pic: Master Wang Hai Jun leads our group in practice in front of the Chen Family Ancestor Temple
In an unassuming rural village in Henan province, called ChenjiaGou, aka Chen Village, there is a long courtyard in front of the family temple. Here you will find 12 stone tablets, mounted onto the pillars of the buildings down either side of the courtyard, flanking the statue of the founder of Tai Chi Chuan, General Chen Wangting.
They stand proudly, like silent bodyguards, defending the tradition of Chen Family Tai Chi Chuan
Each one bears an exquisitely carved character, representing a precious concept.
These are the 12 Ethics of the Chen family, something all disciples of Chen Tai Chi Chuan would do well to learn and uphold if they are to embrace to true nature of Chen Style TaChi Chuan
Two characters, carved into tall steles, stand either side of the entrance to the Ancestor Temple, reinforcing the others: They are Wu De - Martial Ethics
pic: Cherry in Lan Zha Yi posture, in front of Chen Wangtings statue. Behind is the Ancestor Temple and the characters Wu-Martial (on the right of the pic) and De - Ethics on the left - Chinese was traditionally written right to left although nowadays left to right.
One of these 12 Chen Family Rules or Ethics is 'Zhong' which means Loyalty or Faithfulness. One aspect of Zhong is faithfulness to your Teacher , as opposed to skipping back and forth from one to another.
Of course, back in the old days a student would have to physically go to another teachers school, to be regarded as unfaithful, but nowadays, when so much is available on the internet, I believe it is possible to be 'unfaithful' from your armchair, via Broadband and Multimedia.
Therefore I would encourage SHTC students to surf no further than our own Lineage - that of Master Wang Haijun and his teacher, Grandmaster Chen Zhenglei,via their YouTube clips and articles, books and DVDs. We are extremely privileged to have such a direct link with Chen Village, rather than the 'around the houses' tentative type of connection that many other schools have, if any at all. So please do value it :)
Now, in order to be transparent and to illustrate how the practice of Tai Chi nurtures not only the body but also one's mind and spirit, my own views on this exclusive student-teacher relationship were very different when I started learning Tai Chi. Partly through ignorance of the nature of such a relationship and partly because, as someone who had been controlled for much of my adult life and being relatively recently freed from all that nasty stuff, I initially saw the 'one teacher rule' not as a privilege to embrace, but as a form of possessive control. I'd like to share how my opinion changed:
In 2008 I started studying Tai Chi with a local teacher who was a student of Master Wang Haijun), shortly afterwards, as a result of a redundancy, I went to China for a 6 month stay at a 'Traditional Martial Arts School'. It was my first solo trip abroad. I absolutely loved China I felt like I had come home. At the school where I stayed in Shandong, I did an hour of Tai Chi each morning before breakfast, followed by Shaolin Quan basics, form and applications and Qigong later in the day. It was a shock to the system and tough challenge for my 'old' body but it made me feel alive and gradually I found a self- belief that I hadn't experienced before - that if i put my mind to something, however hard, and practice, then I can do it.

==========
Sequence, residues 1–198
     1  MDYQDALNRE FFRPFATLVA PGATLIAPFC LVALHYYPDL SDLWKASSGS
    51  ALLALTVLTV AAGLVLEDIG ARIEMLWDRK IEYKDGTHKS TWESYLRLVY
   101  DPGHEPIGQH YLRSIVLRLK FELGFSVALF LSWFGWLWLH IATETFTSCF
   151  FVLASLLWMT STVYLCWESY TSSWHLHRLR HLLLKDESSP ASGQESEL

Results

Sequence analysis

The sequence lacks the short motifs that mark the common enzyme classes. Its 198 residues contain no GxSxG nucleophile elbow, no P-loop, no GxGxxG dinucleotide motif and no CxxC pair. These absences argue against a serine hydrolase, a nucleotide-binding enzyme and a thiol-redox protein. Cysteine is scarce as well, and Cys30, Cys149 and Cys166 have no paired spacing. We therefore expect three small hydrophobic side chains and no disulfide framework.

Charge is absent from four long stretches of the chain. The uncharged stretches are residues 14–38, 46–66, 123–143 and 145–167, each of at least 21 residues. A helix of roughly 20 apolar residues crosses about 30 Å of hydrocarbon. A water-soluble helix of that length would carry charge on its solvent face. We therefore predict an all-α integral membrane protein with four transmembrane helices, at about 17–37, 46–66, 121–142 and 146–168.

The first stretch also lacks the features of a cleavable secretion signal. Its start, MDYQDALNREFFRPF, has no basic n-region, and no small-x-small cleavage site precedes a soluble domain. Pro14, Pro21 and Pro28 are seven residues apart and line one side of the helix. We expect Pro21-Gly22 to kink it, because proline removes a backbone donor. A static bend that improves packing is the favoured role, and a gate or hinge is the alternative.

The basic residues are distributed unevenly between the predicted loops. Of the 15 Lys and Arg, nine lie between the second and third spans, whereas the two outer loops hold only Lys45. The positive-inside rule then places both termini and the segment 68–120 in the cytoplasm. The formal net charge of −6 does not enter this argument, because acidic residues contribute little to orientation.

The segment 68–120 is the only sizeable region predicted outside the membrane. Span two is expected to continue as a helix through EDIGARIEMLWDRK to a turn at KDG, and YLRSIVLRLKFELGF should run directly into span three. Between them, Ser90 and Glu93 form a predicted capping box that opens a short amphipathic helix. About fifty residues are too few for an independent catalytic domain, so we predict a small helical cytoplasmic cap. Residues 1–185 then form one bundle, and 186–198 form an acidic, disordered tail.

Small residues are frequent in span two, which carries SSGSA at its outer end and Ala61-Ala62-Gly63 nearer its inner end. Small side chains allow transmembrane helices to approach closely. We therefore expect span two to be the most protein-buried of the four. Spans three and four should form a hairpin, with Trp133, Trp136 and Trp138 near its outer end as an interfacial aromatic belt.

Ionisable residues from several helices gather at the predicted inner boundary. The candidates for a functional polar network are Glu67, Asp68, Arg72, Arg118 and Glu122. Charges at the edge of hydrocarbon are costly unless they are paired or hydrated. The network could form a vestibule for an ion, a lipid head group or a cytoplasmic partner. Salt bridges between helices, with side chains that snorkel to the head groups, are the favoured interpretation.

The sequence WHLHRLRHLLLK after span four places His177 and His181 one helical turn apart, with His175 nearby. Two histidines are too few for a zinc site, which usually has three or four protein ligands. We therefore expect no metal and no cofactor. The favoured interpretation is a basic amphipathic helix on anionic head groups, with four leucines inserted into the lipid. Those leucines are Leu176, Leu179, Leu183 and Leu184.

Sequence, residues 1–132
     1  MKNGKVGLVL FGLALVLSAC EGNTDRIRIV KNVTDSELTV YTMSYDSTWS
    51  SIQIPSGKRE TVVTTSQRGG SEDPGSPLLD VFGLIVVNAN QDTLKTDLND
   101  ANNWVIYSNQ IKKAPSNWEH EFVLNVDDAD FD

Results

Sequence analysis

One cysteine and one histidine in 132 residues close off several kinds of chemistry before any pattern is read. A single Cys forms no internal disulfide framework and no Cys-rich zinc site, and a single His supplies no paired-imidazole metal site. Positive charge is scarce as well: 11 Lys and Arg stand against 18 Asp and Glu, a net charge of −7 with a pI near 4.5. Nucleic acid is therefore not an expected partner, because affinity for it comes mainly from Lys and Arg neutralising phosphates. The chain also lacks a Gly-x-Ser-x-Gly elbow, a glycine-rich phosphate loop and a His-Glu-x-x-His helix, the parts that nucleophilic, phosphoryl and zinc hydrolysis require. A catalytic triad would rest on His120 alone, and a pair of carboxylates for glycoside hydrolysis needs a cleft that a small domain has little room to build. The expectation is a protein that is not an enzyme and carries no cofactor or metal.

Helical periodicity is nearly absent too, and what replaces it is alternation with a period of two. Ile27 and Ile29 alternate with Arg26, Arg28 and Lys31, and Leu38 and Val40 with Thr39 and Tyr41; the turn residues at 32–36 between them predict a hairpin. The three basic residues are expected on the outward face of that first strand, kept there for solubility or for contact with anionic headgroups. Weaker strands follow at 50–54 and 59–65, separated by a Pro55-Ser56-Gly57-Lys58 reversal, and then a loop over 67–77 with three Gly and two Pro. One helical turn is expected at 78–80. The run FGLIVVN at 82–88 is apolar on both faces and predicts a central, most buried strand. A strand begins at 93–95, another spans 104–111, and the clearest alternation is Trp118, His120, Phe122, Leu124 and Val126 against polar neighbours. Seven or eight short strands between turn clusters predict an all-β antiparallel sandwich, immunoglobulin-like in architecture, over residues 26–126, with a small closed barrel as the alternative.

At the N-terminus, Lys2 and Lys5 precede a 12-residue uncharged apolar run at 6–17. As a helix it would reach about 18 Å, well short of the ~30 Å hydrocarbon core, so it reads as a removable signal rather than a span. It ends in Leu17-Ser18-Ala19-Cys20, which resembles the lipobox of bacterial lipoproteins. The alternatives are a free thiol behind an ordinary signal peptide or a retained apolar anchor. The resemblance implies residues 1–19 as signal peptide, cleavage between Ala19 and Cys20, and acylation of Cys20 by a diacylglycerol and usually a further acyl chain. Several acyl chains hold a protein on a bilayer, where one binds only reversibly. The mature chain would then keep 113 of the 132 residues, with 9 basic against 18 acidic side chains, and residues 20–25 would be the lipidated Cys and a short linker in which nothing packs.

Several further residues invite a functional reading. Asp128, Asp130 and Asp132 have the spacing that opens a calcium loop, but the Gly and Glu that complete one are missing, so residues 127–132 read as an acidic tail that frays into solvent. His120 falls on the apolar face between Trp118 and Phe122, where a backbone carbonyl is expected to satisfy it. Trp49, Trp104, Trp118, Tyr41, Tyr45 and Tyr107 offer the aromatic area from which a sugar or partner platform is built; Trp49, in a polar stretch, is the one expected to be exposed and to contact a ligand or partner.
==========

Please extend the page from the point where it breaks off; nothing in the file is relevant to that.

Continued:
Back home, I began training with Master Wang in 2009 and after i'd had about 9-10 sessions with him, the opportunity arose to go China for a second time. Without giving the matter any thought I jumped at the chance. In China training was very affordable - 5 days a week, 5 hours a day, living an uncomplicated life in the mountains, immersed in what I loved without the distractions of life in the UK. On my seond visit training was again in Tai Chi, Shaolin Quan and Qigong. Everything went OK for a few months until a rather 'cocky' student argued with the Shaolin Master during a training session. The next day training was cancelled and we were told to go to the classroom where we had our Mandarin lessons. The Shaolin master delivered a series of lectures on the subject of Shaolin Wu De - Martial Ethics: before breakfast, in place of morning training and again instead of afternoon training. He aadded another three sessions the next day. When the Shaolin master talked of Loyalty to one's teacher, unexpected pangs of guilt stabbed at me, as I thought of Master Wang, back in UK. There was still another 3 weeks of my stay remaining, but having got my flight via Airmiles I was unable to swap the return flight home, so I stayed for the rest of my term. But now things seemed differednt - I longed to get home. I frequently I felt remorseful, often waking at night with it on my mind. It amazed me that I hadn't even given it a second thought when I booked the trip. I realised that through my practice, my own ethics were changing.